by Hannah Trum Senior Marketing Specialist
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Healthcare data breaches – a haunting reality

by Hannah Trum Senior Marketing Specialist

The number of data breaches in the healthcare industry increased in 2019 for the 4th year in a row, with over 41 million patient records breached, according to the Protenus 2020 Breach Barometer report. 

That is a scary and sobering statistic. How and why does this keep happening at such astronomical numbers? Are hackers and data criminals really that much savvier than the rest of us?  What can healthcare professionals do to keep their patient’s information safe?

An increase in hacking

Hacking accounted for 58% of all data breaches in 2019 per the Protenus report, with ransomware incidents on the rise particularly. 

Hackers are getting smarter and expanding their targets outside of just healthcare workers—they are targeting patients as well.

According to Protenus, it can take 224 days to detect a data breach and another 80 days for it to be reported to the US Department of Health and Human Services (HHS). That leaves many patients in the dark about potential medical-related identity theft until the damage has already been done.  

The wealth of information healthcare records hold is unmatched. Because hackers can use protected health information (PHI) to receive treatment, steal bank account information, make fake passports, and more, the risk of data breaches in the healthcare industry is only increasing.  

Human error

With phishing email attacks affecting every industry, it is no surprise that the Protenus study noted that one-third of the incidents reported in 2019 are attributed to this type of scam. 

Some phishing scams can be easy to notice (think sending money to a foreign prince), but others can be difficult to identify (such as a display name spoofing email which appears to come from your boss). 

Other factors that can contribute to data breaches include third-party errors, stolen devices, and not having a disaster recovery plan.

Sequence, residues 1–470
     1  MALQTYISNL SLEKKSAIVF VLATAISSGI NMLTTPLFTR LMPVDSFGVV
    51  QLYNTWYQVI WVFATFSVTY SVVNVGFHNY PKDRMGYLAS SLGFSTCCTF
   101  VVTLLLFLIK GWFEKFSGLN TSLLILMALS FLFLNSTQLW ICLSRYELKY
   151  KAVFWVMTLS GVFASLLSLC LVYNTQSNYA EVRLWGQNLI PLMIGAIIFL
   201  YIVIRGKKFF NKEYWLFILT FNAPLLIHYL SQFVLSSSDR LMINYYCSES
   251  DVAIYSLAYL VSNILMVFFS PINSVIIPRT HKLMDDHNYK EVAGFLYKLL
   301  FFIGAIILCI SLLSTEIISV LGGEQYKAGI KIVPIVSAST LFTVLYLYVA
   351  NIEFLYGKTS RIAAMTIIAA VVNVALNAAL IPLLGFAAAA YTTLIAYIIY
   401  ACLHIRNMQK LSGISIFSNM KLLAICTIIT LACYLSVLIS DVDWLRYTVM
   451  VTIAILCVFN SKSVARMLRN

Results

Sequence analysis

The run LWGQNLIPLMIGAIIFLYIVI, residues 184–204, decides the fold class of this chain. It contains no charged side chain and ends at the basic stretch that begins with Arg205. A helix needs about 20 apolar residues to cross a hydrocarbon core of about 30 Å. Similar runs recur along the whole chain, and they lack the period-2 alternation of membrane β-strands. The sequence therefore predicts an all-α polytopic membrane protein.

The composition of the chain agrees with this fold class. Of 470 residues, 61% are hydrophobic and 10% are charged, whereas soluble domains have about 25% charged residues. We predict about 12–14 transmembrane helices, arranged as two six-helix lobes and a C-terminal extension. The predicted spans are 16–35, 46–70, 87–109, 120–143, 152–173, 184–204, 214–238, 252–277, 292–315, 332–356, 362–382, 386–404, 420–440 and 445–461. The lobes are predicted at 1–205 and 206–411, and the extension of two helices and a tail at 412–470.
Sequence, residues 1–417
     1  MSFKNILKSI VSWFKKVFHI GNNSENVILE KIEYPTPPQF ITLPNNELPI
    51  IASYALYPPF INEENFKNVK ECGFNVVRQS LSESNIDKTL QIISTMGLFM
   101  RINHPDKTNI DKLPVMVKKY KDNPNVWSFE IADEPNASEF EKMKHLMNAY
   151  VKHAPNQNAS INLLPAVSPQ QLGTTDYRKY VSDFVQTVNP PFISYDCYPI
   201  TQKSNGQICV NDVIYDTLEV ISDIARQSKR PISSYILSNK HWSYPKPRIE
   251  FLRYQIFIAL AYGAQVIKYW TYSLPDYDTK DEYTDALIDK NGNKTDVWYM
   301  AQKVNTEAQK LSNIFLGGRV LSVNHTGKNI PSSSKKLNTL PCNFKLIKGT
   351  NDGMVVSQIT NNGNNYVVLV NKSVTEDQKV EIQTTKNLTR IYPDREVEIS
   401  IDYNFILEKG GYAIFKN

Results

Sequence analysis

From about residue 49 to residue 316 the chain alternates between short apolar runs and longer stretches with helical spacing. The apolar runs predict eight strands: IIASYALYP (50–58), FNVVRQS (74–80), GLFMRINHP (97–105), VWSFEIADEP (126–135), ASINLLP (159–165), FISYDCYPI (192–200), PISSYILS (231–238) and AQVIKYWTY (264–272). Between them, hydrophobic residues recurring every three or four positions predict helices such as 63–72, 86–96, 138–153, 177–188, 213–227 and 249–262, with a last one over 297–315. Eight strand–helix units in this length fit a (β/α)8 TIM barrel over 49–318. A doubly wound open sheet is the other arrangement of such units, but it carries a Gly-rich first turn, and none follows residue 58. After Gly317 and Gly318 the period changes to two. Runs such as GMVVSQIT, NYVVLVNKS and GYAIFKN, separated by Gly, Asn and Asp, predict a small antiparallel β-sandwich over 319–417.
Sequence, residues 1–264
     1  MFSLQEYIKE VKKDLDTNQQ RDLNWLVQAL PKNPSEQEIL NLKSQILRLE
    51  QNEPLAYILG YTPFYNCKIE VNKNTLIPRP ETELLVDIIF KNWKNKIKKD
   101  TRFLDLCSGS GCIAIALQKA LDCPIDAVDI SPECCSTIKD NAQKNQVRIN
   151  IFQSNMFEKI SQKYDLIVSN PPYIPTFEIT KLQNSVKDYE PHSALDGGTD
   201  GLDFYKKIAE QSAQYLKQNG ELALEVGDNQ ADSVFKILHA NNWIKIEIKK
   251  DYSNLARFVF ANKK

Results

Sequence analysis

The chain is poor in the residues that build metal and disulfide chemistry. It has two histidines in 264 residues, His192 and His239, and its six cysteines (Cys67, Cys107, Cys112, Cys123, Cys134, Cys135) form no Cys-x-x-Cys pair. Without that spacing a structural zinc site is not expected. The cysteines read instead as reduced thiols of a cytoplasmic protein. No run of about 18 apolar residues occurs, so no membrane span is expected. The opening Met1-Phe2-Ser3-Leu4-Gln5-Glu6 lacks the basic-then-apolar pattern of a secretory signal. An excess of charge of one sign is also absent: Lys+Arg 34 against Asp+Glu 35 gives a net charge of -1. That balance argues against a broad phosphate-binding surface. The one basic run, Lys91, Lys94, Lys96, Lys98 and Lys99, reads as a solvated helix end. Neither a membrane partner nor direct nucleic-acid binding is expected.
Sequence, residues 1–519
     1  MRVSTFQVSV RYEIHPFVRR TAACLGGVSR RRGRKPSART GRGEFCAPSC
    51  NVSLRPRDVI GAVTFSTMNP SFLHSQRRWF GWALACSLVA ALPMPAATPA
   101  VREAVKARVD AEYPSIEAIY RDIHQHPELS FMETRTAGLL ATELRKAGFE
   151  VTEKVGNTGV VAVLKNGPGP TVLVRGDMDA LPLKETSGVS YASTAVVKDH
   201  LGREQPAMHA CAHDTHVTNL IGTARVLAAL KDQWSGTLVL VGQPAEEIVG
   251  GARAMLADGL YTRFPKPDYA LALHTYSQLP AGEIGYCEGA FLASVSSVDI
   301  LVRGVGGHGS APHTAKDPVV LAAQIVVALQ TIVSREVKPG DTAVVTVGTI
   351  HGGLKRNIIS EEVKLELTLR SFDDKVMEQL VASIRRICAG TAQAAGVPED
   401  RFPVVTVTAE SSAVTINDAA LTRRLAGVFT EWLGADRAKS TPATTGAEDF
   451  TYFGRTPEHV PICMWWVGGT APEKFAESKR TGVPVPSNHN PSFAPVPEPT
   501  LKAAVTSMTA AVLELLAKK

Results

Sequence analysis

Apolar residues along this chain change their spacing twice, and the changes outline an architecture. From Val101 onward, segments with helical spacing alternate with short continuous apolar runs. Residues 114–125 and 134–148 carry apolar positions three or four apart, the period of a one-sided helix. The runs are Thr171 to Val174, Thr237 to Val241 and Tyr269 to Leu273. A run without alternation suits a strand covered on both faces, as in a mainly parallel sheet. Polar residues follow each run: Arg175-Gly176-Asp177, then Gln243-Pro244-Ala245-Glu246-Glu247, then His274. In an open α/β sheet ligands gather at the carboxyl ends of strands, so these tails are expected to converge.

Remembering these tips and investing in ongoing security training is an important step to protect your organization from cyberthreats. 

The true cost of data breaches

For covered entities, the monetary cost behind these breaches isn’t pretty. 

The cost of HIPAA related fines, litigation, and revenue loss totals almost $6.2 billion annually. According to Protenus’ Cost of a Breach report, the healthcare industry could lose up to $305 billion in patient revenue over the next 5 years!  

Data breaches affect a patient’s trust in doctors

However, these breaches don’t only affect healthcare providers; they also violate patient trust.

Patient-provider relationships are one of the pillars of the healthcare industry. Patients build trust with their providers by sharing personal information about their lives. In turn, physicians build trust with patients by using that information to effectively treat them. 

A data breach violates the trust patients have in their doctors; it can cause irreparable damage to the patient-provider relationship. 

Data breaches cost patients money

Many healthcare providers don’t realize that patients aren’t protected from the costs that accrue due to a medical data breach. With other types of identity theft, a provider (like a credit card company) can have a legal responsibility to a person for losses over a certain threshold. The same financial protections may not apply to medical-related identity theft. 

In 2015, patients who were victims of medical identity theft, on average, accumulated $13,500 in out-of-pocket theft-related expenses. Theft-related expenses can include legal fees and paying fraudulent medical bills. 

With 48% of patients surveyed by the Medical Identity Fraud Alliance saying they would consider changing healthcare providers over compromised records, skimping on securing your data isn’t something any healthcare provider can afford in the age of the Internet. 

Prepare with HIPAA compliant email

The easiest solution to keeping your practice, your patients, and their information safe is to utilize a HIPAA compliant email service, like Paubox Email Suite Premium. 

Paubox Email Suite Premium encrypts all emails sent from a customer’s existing email platform (such as Google Workspace or Microsoft 365). Emails are delivered directly to a patient’s inbox, meaning your patients no longer have to log into or out of an email portal or use a password to read their messages.  

Paubox Email Suite Premium comes with email archiving and data loss prevention (DLP), a feature that prevents unauthorized employees from transmitting sensitive information either accidentally or maliciously outside of a corporate network. 

Our DLP feature includes inbound attachment scanning and the ability to scan for a variety of sensitive information like social security or credit card numbers. It also gives you the ability to create custom rules for more added security.   

Paubox Email Suite Premium is perfect to help your company avoid a cyber-security disaster.

Try Paubox Email Suite Premium for FREE today.